Another party activist, Egyptian-born Muslim Shirene El-Abd, expressed understanding for the administration's security challenges in the aftermath of 11 September.
Like Salem, El-Abd said she believes the party is becoming responsive to the concerns of Muslims and ethnic Arabs in the United States: "We as a community tend to be conservative and we tend to care about issues pertaining to taxes, health care, and education. And we feel that the president has done very well on these particular areas. The disappointments have been with regard to the policy in the Middle East and with some civil rights issues. There seems to be a diligent effort on behalf of the Republican Party and the administration to correct that situation."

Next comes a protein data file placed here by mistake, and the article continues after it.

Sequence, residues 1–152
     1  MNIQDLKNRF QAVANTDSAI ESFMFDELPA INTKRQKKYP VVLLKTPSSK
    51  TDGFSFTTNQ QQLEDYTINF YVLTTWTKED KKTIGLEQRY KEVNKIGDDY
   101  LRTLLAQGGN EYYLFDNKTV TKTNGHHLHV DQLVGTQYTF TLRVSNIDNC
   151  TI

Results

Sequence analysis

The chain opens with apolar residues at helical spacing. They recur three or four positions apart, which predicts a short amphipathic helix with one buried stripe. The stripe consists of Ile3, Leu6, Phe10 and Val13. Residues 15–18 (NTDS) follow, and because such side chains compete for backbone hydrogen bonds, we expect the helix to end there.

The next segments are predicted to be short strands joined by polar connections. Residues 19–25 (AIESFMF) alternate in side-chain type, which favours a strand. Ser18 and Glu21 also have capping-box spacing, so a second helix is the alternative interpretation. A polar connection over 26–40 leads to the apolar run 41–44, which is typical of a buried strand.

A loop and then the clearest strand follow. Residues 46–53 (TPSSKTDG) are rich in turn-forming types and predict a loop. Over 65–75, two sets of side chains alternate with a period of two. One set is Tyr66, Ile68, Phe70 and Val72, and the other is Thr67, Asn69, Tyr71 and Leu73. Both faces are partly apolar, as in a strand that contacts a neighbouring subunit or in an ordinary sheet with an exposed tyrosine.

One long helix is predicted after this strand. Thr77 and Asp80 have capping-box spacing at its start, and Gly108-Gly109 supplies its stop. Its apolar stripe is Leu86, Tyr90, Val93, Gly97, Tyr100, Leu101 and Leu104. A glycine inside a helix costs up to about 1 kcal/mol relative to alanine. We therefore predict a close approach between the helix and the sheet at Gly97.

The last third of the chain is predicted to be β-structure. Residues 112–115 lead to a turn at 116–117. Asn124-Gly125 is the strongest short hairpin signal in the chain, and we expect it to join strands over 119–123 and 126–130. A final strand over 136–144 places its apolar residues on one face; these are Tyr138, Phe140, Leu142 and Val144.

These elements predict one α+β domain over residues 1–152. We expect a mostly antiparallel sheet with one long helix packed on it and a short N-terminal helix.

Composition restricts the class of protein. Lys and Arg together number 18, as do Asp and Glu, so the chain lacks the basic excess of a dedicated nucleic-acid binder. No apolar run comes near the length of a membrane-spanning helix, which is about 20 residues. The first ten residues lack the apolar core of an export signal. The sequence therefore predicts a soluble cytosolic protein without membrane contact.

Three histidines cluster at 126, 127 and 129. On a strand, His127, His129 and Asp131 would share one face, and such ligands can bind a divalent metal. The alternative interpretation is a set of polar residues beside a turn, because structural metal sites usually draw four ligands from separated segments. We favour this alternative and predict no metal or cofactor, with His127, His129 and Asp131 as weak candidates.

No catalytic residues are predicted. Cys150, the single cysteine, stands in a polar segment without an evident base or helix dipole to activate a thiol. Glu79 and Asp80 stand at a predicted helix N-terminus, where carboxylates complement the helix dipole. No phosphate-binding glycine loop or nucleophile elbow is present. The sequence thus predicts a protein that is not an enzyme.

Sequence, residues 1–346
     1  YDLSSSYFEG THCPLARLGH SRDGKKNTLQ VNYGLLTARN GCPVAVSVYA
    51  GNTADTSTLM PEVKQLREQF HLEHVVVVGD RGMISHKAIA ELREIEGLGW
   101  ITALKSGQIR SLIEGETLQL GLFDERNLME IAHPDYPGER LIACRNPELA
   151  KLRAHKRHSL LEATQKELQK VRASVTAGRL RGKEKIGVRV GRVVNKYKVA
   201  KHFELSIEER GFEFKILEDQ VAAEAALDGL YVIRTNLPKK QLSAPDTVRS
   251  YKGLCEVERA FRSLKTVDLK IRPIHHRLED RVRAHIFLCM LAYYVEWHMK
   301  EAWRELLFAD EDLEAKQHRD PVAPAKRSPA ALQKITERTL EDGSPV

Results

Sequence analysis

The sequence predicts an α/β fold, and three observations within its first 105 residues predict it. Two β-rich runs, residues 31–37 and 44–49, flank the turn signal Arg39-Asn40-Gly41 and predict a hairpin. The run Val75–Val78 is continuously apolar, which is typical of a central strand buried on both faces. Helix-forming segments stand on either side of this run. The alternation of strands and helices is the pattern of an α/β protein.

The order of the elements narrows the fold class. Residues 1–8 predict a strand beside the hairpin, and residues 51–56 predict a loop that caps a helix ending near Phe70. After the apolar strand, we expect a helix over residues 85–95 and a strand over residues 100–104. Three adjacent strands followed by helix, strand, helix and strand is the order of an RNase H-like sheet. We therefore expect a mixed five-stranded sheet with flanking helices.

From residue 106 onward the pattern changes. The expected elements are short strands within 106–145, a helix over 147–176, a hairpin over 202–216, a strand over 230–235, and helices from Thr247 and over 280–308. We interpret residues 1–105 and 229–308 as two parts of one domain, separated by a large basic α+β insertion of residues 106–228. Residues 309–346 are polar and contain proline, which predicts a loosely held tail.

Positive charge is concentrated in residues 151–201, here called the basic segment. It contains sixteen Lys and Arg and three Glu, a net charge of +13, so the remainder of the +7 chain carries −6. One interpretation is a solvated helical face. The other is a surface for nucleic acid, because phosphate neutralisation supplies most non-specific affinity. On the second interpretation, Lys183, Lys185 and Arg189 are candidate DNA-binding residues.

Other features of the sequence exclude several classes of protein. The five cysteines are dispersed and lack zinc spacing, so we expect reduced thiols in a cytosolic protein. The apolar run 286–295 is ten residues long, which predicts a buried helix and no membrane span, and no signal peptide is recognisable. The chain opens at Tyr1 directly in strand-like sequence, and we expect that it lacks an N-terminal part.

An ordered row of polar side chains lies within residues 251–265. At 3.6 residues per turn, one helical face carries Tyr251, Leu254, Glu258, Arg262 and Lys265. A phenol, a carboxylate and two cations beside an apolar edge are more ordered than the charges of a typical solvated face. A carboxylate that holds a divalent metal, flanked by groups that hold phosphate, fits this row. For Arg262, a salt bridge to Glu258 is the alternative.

At a high-level gathering of influential Arab-American Republicans this week in New York, Congressman Darrell Issa of California noted Bush's support for a sovereign Palestinian state. He believes the president is poised to bring great change to the Middle East: "This man's legacy has to be bringing about peace in the region. Peace and security for the Israelis, peace and prosperity for the Palestinians, a Palestinian state, a democracy in Iraq. All of these will be part of this president's legacy and I think he's going to be just as determined to achieve peace as he was to end Saddam's tyranny."
Arab-American Republicans say they are planning party outreach efforts in the "battleground" states of Ohio, Pennsylvania, and Florida, which have sizable Arab-American populations.